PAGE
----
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What is it like running for state office in COVID-19 era? Let UK fan Tiffany Dunn explain

Tiffany Dunn

By LARRY VAUGHT

As we are all trying to cope with the new normal because of COVID-19 I wondered what it might be like to be a political candidate and trying to campaign due to social distancing and restrictions against gatherings of groups.

I knew Tiffany Dunn was a Kentucky fan because of Twitter and then I realized she was running against House Speaker David Osborne in the June Republican primary in the District 59 race that covers most of Oldham County. Osborne has been in office since 2005 but Dunn, a teacher, is banking on her education ties/support can help her win.

Dunn is a Hardin County native who played softball at Bellarmine College and then moved to Oldham County.

“I have been a member of Big Blue Nation since I was born. I grew up in household where there was no other team you cheered for,” she said. “Being a Wildcat fan has been passed down through our family generation to generation; you’d be disowned if you weren’t one. Some of my fondest memories as a child are watching basketball games with my family.

“And although my husband is a University of Louisville fan, I have raised our daughter to cheer for the Cats. I’m also a huge Kentucky Sports Radio fan. Although I can’t listen live, I turn on the podcast every day during my commute to and from work.”

Her passion for Kentucky sports obviously is the same type passion she has for public office. Dunn quickly agreed to share her thoughts on how COVID-19 has changed what she can and can’t do in her campaign. Enjoy her insights/perspective on a COVID-19 election campaign.

Question: What made you decide to run for office?
Dunn: “I decided to run for office because I don’t feel like the constituents of Oldham County’s 59th district are being represented well in Frankfort. I’ve been a lifelong Republican but only began to get involved in politics a few years ago. When I did, I realized the need for regular folks like myself to run for office. If we don’t, we will never have our best interests looked after. There’s too much petty, partisan politics being played and our commonwealth is suffering as a result — something has to be done and if not me, than who?”

Question: How challenging is that now, especially running against an incumbent, with the COVID-19 restriction?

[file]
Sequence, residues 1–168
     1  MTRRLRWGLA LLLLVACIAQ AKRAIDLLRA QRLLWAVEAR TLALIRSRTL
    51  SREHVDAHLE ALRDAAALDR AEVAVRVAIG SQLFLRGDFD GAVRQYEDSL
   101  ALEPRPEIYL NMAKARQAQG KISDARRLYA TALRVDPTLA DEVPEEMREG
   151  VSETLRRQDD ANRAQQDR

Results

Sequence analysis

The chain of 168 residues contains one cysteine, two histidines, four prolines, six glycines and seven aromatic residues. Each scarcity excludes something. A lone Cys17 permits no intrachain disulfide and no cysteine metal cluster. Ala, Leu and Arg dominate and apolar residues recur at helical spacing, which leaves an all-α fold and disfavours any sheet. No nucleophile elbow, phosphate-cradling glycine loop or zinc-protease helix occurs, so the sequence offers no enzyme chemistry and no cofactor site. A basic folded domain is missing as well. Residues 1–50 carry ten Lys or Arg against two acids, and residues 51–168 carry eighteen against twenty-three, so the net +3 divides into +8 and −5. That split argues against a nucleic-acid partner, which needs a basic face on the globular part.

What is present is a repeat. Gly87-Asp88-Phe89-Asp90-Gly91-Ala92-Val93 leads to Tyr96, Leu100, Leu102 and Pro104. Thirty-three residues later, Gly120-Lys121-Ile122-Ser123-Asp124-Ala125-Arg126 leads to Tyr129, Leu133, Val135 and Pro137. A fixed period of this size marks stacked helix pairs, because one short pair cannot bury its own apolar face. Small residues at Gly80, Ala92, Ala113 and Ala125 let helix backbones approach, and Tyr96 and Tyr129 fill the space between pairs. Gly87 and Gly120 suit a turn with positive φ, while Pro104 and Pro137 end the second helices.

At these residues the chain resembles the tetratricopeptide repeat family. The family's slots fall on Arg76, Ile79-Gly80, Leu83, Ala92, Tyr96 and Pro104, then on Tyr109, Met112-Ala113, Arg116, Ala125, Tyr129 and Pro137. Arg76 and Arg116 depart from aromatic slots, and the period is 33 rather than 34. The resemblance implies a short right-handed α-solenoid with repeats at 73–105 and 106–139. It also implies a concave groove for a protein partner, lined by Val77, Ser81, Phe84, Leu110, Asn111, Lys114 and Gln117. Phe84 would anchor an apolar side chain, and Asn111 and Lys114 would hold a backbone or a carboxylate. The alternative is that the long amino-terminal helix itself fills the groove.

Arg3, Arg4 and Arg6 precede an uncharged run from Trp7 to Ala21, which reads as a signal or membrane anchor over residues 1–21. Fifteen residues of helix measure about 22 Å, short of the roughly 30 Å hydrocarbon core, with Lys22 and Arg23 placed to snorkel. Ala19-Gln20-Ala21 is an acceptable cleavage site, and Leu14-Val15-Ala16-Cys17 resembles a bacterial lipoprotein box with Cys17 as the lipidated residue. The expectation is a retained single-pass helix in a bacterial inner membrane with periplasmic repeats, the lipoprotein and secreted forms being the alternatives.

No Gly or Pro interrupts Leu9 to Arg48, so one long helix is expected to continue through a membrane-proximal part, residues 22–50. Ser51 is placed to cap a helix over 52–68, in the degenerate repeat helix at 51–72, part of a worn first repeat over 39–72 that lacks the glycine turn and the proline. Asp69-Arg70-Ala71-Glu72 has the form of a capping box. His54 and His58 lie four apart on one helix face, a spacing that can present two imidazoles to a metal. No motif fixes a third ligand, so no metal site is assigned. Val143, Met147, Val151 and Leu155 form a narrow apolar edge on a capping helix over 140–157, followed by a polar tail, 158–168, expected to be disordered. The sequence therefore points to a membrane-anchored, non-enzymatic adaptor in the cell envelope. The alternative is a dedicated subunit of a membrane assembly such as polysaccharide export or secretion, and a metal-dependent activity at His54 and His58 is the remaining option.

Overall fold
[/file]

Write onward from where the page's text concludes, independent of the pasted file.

Dunn: “It is difficult running against an incumbent. It’s extremely difficult running against a well-funded House leader incumbent. And it’s unbelievably difficult doing this while not having the ability to meet constituents. From the moment I decided to run, I looked forward to canvassing and meeting voters. It’s really any grassroots campaign’s bread and butter. My campaign canvassed for about a month with great results, but it came to a screeching halt when the Covid-19 pandemic hit the nation. I have been able to send postcards to likely primary voters, but even that became difficult with the uncertainty of the primary date changing and the manner of how we would vote changing. Now with everything becoming a bit more concrete, I am restarting my campaign to fit the ‘new normal.’”

Question: Does social media become an even bigger part of campaigning now?
Dunn: “Social media will hopefully be a big part of my campaign in the next couple of months. Because of COVID-19, my fundraising came to a complete halt as well. I didn’t and still don’t feel comfortable asking for campaign donations of individuals when so many people are struggling during this time. Although elections are important, people’s livelihoods take precedence. So my online presence will probably be the cheaper grassroots version: word of mouth.”

Question: Are you enjoying the process/challenge so far?
Dunn: “Running for office has been very rewarding and challenging. It’s been rewarding because I’ve met so many fantastic people. All of my campaign donations so far have come from individuals from both parties who believe in my mission of making government work for everyone. The challenge has been in all of the planning and man hours it takes to put an effective campaign together with limited funds. And of course, the COVID-19 has not helped. Luckily, I have fantastic supporters who are walking alongside me the entire way. This certainly isn’t something I could ever do alone.”

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